Williamsburg residents, business owners frustrated by construction on Lorimer Street subway station

The over 14 months of construction work has negatively impacted the quality of life in the area, according to Brooklyn residents.

News 12 Staff

Mar 9, 2023, 3:49 AM

Updated 503 days ago

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Residents and business owners in Williamsburg say they are furious about construction at Lorimer Street subway station.
The over 14 months of construction work has negatively impacted the quality of life in the area, according to Brooklyn residents.
“It’s unbelievably frustrating,” said Joseph Franquinha, owner of Crest Hardware and Urban Garden Center. “There’s a lack of communication, a lot of deflecting and empty promises.”
Business owners near the station say the work is blocking entrances and giving customers the impression that their shops are closed.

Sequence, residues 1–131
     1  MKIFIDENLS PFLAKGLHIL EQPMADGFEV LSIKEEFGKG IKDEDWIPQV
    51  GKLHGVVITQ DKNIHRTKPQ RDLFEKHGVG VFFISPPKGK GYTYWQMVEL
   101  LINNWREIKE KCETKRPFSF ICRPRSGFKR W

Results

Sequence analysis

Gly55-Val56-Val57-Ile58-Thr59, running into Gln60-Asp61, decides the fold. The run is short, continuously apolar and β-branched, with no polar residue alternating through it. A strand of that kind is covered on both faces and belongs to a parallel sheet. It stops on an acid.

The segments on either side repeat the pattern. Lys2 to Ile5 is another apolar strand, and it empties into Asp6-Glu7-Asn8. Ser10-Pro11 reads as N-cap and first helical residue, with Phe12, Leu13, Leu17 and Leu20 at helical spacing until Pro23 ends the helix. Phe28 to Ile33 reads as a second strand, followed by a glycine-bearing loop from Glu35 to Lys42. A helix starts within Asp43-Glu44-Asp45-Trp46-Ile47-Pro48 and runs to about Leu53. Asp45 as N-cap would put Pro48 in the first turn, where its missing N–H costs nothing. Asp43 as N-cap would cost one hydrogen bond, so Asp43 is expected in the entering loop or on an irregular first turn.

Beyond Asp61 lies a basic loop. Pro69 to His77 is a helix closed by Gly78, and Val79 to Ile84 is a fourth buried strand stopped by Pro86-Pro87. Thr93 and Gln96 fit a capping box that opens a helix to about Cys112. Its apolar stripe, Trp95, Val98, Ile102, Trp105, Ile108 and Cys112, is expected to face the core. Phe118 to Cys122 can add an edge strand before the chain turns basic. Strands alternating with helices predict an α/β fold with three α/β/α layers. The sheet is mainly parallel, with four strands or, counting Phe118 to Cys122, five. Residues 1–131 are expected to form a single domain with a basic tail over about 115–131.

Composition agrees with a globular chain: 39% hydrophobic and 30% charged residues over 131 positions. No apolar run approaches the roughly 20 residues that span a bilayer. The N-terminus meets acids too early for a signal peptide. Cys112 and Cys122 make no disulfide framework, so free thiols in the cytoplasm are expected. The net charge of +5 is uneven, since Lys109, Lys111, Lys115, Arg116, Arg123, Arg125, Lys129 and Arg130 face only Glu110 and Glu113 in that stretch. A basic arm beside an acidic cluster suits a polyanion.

“Not only is it a quality-of-life issue, it’s been taken up a number of parking spots and affected our building,” he said.
Some residents say the construction is so loud, it feels as if it is going on inside their homes.
“The vibrations at times were earthquake-like. My furniture was shaking,” said resident Lisa Summa.
Summa says the MTA failed to deliver vibration monitors that they promised to her and her neighbors.
“They assured us they would come and look at our building, photograph them and put in vibration monitors. I have only heard of one building that has a vibration monitor. No one on my street received one,” she said.
News 12 reached out to the MTA spokesperson Michael Cortez responded with the following statement:
“We have ensured a safe worksite to address any potential quality of life concerns at this location and will continue to do so as work is completed to make the Lorimer Station fully accessible.”
Councilmember Jennifer Guiterez also wrote a letter to the MTA about the situation. It stated in part, “We want this project to be completed and the station to be complete and accessible… They aren’t being compliant and they’re not working well with our city agencies. We want to be able to bring them in and be able to work through these things.”


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